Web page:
Bioremediation is also attractive because of several advantages that its application has over more conventional technology. For instance, bioremediation techniques are typically more economical than more traditional methods. It is estimated that bioremediation would cost one-third to one-half that of incineration. In addition, in some cases pollutants can be treated at the site, thus reducing the risk exposure to cleanup personnel and potentially wider exposure as a result of transportation accidents (Gabriel, 1991). Furthermore, the techniques usually can be expected to have minimal environmental impact, since bioremediation is a natural process. Also, waste products are usually not generated, as bioremediation often results in complete degradation of the contaminants. These characteristics make bioremediation techniques potentially ideal for detoxification of chemical pollutants.
However, there are a number of problems which are encountered with bioremediation as well. First, in order for organisms to successfully reduce pollutant levels, their population must increase. For this, their growth conditions must be determined and maintained at the contaminated sites. Controlling these conditions may prove difficult, particularly as conditions may vary so greatly among sites. In addition, the labor required to maintain optimal conditions may be extensive. Even in an ideal environment an organism may prefer to metabolize other more readily available nutrients within a contaminated area, or the pollutant may be completely or partially inaccessible to the degrading organism. Finally, the environment may contain substances or organism that inhibit growth of the degrading population.
Nevertheless, many associated with bioremediation are already in the process of being overcome. Microorganisms capable of degrading recalcitrant compounds are being continually discovered using methods such as batch enrichment and chemostat selection. Degrading organisms may also be artificially generated by genetic engineering techniques. However, only when the introduced modified organisms has a selective advantage that is linked with the growth on the substrate of concern will they have the chance and advantage to compete successfully with the existing microflora in the contamined soil (Alexander, 1984).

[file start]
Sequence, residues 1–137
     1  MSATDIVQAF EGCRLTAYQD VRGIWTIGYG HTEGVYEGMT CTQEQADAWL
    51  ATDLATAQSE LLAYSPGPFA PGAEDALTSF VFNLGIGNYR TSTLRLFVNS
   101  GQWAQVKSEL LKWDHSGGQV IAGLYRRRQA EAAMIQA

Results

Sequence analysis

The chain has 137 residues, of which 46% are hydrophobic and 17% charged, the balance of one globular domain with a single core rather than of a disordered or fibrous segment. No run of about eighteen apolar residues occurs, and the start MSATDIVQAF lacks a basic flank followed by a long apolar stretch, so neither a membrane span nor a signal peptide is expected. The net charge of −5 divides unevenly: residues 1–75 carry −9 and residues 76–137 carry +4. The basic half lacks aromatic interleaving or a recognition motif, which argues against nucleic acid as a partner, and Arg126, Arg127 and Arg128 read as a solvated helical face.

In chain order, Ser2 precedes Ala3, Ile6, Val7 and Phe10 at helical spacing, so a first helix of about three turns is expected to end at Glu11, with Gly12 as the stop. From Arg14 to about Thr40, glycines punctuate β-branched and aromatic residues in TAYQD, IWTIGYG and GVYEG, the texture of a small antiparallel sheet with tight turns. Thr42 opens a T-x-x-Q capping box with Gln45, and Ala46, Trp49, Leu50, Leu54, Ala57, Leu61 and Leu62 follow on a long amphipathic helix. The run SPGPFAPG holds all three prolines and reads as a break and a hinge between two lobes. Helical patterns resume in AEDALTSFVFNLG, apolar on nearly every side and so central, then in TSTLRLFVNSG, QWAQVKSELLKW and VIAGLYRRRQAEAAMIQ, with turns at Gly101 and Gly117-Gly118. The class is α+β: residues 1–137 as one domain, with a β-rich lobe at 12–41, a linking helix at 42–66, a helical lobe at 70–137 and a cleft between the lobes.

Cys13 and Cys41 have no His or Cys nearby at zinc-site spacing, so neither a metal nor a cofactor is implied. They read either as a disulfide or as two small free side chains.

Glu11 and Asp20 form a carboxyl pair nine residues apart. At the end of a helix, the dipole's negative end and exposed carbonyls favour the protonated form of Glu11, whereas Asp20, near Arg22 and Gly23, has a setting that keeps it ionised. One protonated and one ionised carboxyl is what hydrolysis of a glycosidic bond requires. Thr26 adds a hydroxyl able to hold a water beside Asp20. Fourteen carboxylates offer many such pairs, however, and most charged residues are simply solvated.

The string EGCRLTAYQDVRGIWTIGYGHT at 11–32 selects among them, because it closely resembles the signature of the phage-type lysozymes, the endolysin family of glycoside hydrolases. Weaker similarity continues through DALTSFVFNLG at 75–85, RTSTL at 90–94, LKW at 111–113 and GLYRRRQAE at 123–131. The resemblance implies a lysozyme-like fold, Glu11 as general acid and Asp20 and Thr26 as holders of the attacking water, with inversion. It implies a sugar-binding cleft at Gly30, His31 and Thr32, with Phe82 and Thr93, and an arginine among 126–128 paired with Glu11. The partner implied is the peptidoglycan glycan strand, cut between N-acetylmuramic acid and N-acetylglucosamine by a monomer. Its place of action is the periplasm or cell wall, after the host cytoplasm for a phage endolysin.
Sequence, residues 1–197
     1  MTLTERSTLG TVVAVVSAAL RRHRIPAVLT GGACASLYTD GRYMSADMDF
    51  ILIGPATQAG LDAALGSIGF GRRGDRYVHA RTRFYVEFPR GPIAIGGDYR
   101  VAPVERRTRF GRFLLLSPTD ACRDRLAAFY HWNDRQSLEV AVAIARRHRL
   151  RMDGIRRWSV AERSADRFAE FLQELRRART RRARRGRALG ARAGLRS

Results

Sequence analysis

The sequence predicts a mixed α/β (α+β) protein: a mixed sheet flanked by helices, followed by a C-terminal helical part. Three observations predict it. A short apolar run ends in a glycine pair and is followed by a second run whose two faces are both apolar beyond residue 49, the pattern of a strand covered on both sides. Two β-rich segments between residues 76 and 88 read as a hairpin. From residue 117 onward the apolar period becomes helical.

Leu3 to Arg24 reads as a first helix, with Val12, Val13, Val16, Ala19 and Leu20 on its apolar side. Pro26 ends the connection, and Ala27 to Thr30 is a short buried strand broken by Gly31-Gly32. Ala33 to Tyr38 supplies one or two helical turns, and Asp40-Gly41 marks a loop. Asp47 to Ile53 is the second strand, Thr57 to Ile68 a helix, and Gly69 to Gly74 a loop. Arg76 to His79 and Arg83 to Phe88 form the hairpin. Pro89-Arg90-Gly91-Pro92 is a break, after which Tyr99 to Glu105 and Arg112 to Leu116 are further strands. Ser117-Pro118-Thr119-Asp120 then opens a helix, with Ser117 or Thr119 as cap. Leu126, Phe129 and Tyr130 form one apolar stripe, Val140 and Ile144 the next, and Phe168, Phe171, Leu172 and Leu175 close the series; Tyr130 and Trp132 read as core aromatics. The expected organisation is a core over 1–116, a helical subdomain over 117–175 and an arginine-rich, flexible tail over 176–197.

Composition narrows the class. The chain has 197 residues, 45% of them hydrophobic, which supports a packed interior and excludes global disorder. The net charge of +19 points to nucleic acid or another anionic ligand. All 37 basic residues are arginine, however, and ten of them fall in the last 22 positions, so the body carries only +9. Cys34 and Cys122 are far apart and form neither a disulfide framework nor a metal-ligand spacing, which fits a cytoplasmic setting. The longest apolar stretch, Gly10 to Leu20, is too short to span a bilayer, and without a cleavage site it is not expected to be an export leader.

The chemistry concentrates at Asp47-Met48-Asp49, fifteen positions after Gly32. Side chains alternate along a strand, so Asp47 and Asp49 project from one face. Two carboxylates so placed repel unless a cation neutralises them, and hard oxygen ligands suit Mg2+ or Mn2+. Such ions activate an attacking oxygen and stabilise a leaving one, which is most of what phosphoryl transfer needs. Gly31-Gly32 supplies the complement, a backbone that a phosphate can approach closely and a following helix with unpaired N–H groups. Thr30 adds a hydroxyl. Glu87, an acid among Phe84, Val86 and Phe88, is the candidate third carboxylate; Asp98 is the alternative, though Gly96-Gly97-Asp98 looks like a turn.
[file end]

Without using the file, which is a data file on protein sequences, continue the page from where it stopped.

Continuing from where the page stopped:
Other potential, but likely solvable, barriers to the use of bioremediation as a pollution abatement technology involve engineering and regulatory questions. In terms of regulatory pitfalls, only recently (in the 1980s) has in situ bioremediation efforts at both the state and federal levels. Lawyers have as much influence on decisions regarding bioremediation as scientists and engineers, leading to such regulations as those which strictly control the use of genetically engineered microorganisms (stroo, 1992). In addition, bioremediation may succeed in completely removing a given pollutant only to generate another possibly tocix by-product,; for instance, conversion of TNT to amines or azoxy dimers during composting or conversion of TCE to vinyl chloride by anaerobic bacteria in aquifers. Obviously, use of bioremediation requires careful monitoring by both the users and the regulators of this innovative, but not yet generally recognized methodology.
Other factors limiting the utility of bioremediation concern engineering design and application. First, the chemical and site requiring decontamination must be assessed to determine suitability for one of the bioremediation techniques. Most importantly, it must be decided if, in fact, bioremediation is the option of choice for removal of the pollutant from that particular contaminated area, as alternative methodologies might be better suited to certain scenarios. For bioremediation to be feasible, the compound must be biodegradable and the environment appropriate, although in some cases, inappropriate conditions can be remedied by adjustments involving nutrients amendment, pH or water content alterations, reduction of toxins and elimination of predators. In addition, organisms capable of degrading the pollutant must be available and capable of transforming the compound under field conditions. Herein often lie difficulties in moving from bench- and pilot-scale studies to full-scale field operations (Gabriel, 1991).